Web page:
- Releasing the bulk of installments in October or shortly before or after. The thinking here is pretty obvious. Football is only played on certain days of the week and Wednesdays are mostly open.
Waiting until October means you have significantly less MLB teams playing and although MLB playoff games can get ratings, you can potentially avoid them or trust in the fact that most fanbases are fine not watching baseball anymore if their team is eliminated. You also avoid going head to head with basketball, both NBA and college. Not only do you avoid conflict there, but you have more programming hours to fill in this month. The NHL does have some overlap starting later in October but as we've seen ESPN isn't exactly too worried about NHL fans.
Essentially, the window between the MLB regular season and the start of basketball gives ESPN an optimal period to roll out films with less competition and ample programming hours to fill.
- Stacking highly anticipated releases after big drawing shows that are not live games.
You can bank it. After the Heisman ceremony and the Selection Sunday show, ESPN will always use those large lead-in audiences to roll out a 30 for 30 they believe is high quality and has a broader appeal than some of the others.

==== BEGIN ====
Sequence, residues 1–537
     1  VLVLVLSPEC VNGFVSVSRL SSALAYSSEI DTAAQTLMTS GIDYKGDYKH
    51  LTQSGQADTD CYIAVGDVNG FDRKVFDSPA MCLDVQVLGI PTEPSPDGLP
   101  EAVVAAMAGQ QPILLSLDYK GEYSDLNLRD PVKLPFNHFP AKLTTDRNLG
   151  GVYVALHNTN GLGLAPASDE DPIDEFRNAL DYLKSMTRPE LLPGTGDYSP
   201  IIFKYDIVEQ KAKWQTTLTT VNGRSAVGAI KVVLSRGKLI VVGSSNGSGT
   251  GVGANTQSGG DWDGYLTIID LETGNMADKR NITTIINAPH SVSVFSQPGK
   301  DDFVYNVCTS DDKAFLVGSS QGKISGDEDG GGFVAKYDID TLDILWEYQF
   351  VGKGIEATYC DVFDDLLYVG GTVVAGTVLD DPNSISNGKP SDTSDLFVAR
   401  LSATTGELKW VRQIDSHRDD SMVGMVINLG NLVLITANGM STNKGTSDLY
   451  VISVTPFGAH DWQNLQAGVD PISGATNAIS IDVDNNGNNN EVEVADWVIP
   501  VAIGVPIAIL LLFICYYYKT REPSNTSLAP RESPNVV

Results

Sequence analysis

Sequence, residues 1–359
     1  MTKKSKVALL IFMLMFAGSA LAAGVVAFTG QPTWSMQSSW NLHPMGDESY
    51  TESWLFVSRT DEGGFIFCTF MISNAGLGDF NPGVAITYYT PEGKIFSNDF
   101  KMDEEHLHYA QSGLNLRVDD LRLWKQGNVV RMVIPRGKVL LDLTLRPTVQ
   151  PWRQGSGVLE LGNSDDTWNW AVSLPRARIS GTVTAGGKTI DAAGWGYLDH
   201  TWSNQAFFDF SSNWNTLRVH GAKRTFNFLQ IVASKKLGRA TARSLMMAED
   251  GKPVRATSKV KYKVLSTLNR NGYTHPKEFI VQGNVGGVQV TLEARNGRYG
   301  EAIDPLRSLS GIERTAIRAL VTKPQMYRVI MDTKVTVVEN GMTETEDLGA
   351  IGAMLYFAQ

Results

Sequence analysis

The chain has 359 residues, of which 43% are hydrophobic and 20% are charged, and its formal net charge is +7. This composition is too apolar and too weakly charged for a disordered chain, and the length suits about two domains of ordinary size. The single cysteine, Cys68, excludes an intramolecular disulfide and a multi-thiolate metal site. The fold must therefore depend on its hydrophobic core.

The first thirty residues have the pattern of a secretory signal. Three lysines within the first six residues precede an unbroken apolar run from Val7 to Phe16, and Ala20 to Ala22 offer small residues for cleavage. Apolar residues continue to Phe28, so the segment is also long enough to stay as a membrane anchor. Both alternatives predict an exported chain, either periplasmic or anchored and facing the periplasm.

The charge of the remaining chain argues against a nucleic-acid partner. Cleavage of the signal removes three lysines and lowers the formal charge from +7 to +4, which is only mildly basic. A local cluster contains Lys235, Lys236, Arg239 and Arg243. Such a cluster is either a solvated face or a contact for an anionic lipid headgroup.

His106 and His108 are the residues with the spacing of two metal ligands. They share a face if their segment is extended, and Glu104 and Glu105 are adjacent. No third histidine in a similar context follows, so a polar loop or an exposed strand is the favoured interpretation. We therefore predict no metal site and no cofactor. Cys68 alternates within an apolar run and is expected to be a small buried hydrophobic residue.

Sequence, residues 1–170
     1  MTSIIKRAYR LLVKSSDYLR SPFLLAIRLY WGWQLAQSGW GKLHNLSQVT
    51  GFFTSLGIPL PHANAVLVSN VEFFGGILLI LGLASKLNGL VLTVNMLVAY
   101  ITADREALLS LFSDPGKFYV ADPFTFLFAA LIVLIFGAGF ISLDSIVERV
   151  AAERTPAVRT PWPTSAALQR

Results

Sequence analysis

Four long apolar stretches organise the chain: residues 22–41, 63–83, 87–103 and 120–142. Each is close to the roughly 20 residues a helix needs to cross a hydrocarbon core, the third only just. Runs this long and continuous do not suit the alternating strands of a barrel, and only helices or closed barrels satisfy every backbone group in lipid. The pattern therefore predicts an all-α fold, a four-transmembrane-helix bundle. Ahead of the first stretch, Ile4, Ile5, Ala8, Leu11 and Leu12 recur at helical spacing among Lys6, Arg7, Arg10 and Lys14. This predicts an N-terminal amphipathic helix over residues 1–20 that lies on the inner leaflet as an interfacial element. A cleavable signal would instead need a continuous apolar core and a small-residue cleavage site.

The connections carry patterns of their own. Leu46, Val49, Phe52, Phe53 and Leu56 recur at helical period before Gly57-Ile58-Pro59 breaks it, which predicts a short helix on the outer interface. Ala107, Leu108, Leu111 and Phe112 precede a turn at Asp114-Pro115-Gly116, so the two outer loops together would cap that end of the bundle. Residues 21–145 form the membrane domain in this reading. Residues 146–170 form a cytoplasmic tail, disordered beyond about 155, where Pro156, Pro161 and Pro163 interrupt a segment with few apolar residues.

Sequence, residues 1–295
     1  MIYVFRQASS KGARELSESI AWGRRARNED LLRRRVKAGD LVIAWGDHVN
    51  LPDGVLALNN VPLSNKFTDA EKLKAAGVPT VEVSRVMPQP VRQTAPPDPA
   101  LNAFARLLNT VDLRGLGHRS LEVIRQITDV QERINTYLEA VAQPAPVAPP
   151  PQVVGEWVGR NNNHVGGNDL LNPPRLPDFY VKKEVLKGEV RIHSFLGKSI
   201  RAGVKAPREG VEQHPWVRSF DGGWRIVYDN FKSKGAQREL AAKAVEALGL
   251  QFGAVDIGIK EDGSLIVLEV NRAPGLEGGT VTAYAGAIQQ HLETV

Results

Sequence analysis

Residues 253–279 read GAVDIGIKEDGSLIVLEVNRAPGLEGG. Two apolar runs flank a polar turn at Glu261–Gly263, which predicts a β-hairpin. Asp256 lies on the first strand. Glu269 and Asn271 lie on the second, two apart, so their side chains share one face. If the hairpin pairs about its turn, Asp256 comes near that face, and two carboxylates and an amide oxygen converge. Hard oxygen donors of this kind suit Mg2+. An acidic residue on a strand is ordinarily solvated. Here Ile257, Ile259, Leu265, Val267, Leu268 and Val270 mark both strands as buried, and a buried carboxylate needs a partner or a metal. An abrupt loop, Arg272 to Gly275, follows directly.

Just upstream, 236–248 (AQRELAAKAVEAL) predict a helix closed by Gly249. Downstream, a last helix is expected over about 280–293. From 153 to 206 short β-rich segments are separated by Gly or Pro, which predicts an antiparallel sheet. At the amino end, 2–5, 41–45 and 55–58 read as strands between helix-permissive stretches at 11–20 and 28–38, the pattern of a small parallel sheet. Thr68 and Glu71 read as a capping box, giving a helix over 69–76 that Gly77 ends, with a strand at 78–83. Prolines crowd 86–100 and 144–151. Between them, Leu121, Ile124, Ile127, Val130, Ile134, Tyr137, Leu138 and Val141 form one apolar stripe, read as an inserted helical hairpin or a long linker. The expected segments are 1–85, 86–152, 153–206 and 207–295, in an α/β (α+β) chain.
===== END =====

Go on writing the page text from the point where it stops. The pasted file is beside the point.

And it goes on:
Looking back post Heisman films have included Da U, Pony Excess, The Marinovich Project, and You Don't Know Bo (all football).
Post Bracket show releases have included Winning Time, The Fab Five, The Announcement, and Survive And Advance (all basketball).
Typically some of the highest rated 30 for 30's have been from the two lists above.
With this in mind, are there any other programs ESPN puts on they control the end time to (so no live games), that they can parlay a large lead-in audience into another 30 for 30 prime rollout date?
Perhaps one of the days of the NFL draft? Unlikely given ESPN likes to follow the draft with Sportscenter and NFL Live and it would be hard from a DVR perspective to seamlessly go from one to the other given it's hard to know when the draft will definitively stop and people could flip away or get a partial recording. I am guessing the same would apply to the NBA draft.
How about the Home Run Derby? Spacing wise it would work quite nicely as a nice summer showcase for presumably a baseball documentary and lord knows MLB could use some additional exposure. Hell, the day after the All Star game is wide open with no significant sporting events being played.
Another idea would be to maybe to do something in August around the Hall of Fame Game or possibly Hall of Fame inductions. Maybe even after the ESPYs could work as well.
The bottom line is that ESPN is scheduling 30 or 30's with optimal ratings conditions in mind. We'll likely hear in 2 months when ESPN has their upfronts more about the next batch. But here is a friendly nudge from us at AA that other than Heisman ceremony and Selection Sunday, there has to be some dates on the calendar that allow for more films to be rolled out. More 30 for 30s on the ESPN schedule would be a win for everyone.